As we approach a holiday that celebrates the charity of a native people to a refugees fleeing persecution, we would do well to consider our response to the plight of another set of refugees in the aftermath of terrorist attacks that slaughtered 129 innocents in Paris on Nov. 13.
A friend and I were talking about law enforcement the other day.
"How many times have you been stopped and searched by the police?" J. asked. We're about the same age.
"None, at least not since college," I said. "What about you?"
"Four times," he said.
He happens to be black, well educated and prominent in his community.
In early January of 2014, Jessica Austin boarded a KLM Royal Dutch Airlines jet in Washington D.C. and flew to Istanbul, Turkey. She knew no one in Istanbul. She did not have a place to stay, nor did she have a job waiting on her.
A thick down comforter of gray clouds pressed against the morning sky. The fringe along the eastern edge of the clouds was the color of July peaches.
Before sunrise late last week, I had come outside, coffee in hand, to admire the explosion of yellow swamp sunflowers in our otherwise fading backyard. The sunflowers are perennials that grow and grow -- some are as tall as 12-feet -- and you wonder if they will ever bloom.
"Oh the places you'll go! There is fun to be done! There are points to be scored. There are games to be won. And the magical things you can do with that ball will make you the winning-est winner of all."
Dr. Seuss, Oh, The Places You'll Go!
Thanks to a soccer-playing granddaughter I have a new Tuesday/Thursday afternoon ritual.
"Now, that's somebody y'all need to do a story on."
Mike Perkerson was standing behind the counter of his family's hardware store on Military Road. He was nodding in the direction of a man outside his front door standing next to a motorized bicycle.
After several unsuccessful tries to reach him by phone, I caught up with Dick Mahoney in his wife's beauty shop Friday morning. Dick is a baseball fan par excellence ... of the Red Sox variety. I figured he, if anyone in these parts, would have had contact with the recently departed and much beloved New York Yankees catcher, coach and sage, Lawrence Peter Berra.
Six days a week Doris Martin rises at 3 a.m., dresses and makes the five-minute drive from her home on Buck Egger Road in Caledonia to the Cal-Kola Express, a convenience store/gas station on Highway 45 not far from Columbus Air Force Base.
Martin arrives shortly after 4.
Here in the South hand-painted signs are among our most irresistible roadside attractions. The best of them exert a Siren-song pull on innocent motorists. Take for example the clutch of signs at the intersection of Highway 50 and Lone Oak Road just west of West Point.
Over the course of his long life, William Jacob Propst was a college athlete, World War II fighter pilot, professional baseball player, cattle farmer, insurance salesman ... and he played tennis.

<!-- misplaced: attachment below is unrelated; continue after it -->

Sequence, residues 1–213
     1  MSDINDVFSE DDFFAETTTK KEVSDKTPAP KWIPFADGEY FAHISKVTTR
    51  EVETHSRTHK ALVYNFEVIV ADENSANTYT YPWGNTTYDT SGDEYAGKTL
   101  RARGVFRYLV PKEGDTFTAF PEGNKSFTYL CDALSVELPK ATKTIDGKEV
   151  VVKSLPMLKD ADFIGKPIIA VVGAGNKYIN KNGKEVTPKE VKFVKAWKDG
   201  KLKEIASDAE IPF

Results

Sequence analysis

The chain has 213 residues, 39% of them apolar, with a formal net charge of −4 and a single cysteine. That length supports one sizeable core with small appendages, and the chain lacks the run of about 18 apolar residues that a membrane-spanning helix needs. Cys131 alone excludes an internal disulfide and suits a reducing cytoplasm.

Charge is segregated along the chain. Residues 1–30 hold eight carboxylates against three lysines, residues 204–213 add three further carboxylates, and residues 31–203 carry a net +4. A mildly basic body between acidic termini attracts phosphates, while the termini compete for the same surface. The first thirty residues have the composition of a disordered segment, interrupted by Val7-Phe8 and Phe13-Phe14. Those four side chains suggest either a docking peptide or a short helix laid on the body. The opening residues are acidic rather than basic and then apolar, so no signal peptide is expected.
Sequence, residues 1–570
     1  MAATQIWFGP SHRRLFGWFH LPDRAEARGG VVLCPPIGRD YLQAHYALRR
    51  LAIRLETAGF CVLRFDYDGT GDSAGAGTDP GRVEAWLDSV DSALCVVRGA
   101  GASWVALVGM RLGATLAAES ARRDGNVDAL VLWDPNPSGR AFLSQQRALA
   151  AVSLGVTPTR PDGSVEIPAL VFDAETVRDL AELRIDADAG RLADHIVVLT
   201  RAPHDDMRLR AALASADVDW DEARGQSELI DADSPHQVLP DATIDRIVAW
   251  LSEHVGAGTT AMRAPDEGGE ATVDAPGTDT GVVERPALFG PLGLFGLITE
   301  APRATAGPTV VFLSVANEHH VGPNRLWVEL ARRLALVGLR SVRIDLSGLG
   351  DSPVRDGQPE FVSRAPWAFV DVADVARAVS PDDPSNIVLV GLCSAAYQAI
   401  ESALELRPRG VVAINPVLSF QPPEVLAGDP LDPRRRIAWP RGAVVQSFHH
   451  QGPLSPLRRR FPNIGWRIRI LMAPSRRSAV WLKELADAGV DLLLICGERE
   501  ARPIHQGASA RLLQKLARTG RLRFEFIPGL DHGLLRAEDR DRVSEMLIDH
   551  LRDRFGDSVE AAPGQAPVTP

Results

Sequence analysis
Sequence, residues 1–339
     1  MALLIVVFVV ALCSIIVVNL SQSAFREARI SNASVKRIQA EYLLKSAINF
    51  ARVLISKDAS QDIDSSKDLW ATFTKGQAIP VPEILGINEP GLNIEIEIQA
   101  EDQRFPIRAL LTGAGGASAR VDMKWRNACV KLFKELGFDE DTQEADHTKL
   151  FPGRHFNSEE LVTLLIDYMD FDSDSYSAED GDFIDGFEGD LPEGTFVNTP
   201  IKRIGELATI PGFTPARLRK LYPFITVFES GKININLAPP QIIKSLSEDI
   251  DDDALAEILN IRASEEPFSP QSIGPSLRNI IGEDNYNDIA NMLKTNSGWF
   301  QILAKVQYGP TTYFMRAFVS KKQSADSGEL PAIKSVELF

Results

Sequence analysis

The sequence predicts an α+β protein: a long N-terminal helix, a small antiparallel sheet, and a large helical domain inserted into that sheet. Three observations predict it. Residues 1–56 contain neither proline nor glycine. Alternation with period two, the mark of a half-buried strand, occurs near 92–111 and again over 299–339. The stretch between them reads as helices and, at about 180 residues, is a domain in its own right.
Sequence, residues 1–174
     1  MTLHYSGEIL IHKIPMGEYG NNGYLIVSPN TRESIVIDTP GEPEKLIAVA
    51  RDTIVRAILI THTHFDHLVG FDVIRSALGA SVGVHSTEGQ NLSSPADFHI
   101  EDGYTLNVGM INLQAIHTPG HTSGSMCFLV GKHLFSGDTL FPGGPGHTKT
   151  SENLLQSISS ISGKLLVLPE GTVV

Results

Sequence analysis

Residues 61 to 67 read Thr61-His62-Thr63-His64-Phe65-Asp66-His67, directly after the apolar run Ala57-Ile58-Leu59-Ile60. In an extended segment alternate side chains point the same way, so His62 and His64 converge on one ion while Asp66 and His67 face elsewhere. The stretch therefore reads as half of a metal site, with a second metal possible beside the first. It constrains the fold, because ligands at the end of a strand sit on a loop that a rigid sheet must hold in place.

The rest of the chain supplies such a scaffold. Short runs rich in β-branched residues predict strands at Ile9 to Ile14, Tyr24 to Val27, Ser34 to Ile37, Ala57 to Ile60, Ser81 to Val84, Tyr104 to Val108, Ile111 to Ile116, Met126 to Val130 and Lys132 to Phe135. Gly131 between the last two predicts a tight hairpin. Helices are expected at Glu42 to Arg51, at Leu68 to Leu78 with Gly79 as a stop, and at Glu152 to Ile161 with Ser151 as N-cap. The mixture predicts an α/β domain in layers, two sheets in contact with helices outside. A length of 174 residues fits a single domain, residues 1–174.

Lately, I've been thinking about buying a digital camera, one with professional features. While I've taken plenty of pictures with point-and-shoot digitals, I've yet to fully embrace the trend that almost overnight relegated film to the same status as record albums.
Charlie Slayton had just come home with Chinese take-out for his wife when I got him on the phone Wednesday evening. A few days earlier, Charlie, a high school classmate, had emailed a suggestion on how to rid a house of fleas.
"I was told that taking a walnut branch and dragging it through the house and yard will repel fleas," wrote Charlie. "Something about walnuts they can't stand."
Sometimes, when driving, I listen to a learn-to-speak-French CD, one of those language programs where you repeat phrases spoken in French. One of the phrases is "Je ne parle pas anglais, je parle American" ("I don't speak English, I speak American.")
I smile every time I hear it, for it's certainly true. And then there is the matter of we in the South with our own lingua franca.
After the visitation I went home and made two tomato sandwiches.
There seemed something life affirming about eating tomatoes from your own garden in the heat of summer.
William Malcolm "Mack" Egger, a revered high school math and physics teacher and a tireless doer of good deeds for the townspeople of his native Caledonia, died Monday afternoon.
We've been fighting fleas in the house for over a week now. The Yogi Berra quote above pretty much describes our progress so far. I think we've tried every eradication method short of calling an exterminator. That's going to happen Monday, I am told. Say hallelujah.
ACKERMAN -- By five o'clock Friday afternoon, the cars had begun piling up in the gravel lot in front of two small buildings made of rough-cut timber.
Smoke could be seen billowing from an open shed behind the buildings. The air was thick with the heavy fragrance of meat cooking.
We should seize the moment. As the only state in the union that incorporates the Confederate battle flag in its state flag, we signal to the rest of the world allegiance to a cause a large portion of our population associates with enslavement and oppression.
At a family gathering last week, someone suggested we take a group picture. It was a momentous occasion; there were a lot of us there; and everyone thought it a good idea. But the light was fading. Anyone have a camera?
The other night at the theater (no kidding) I happened to be sitting by a woman who, before the curtain went up, was telling a story about a mouse, an English mouse.
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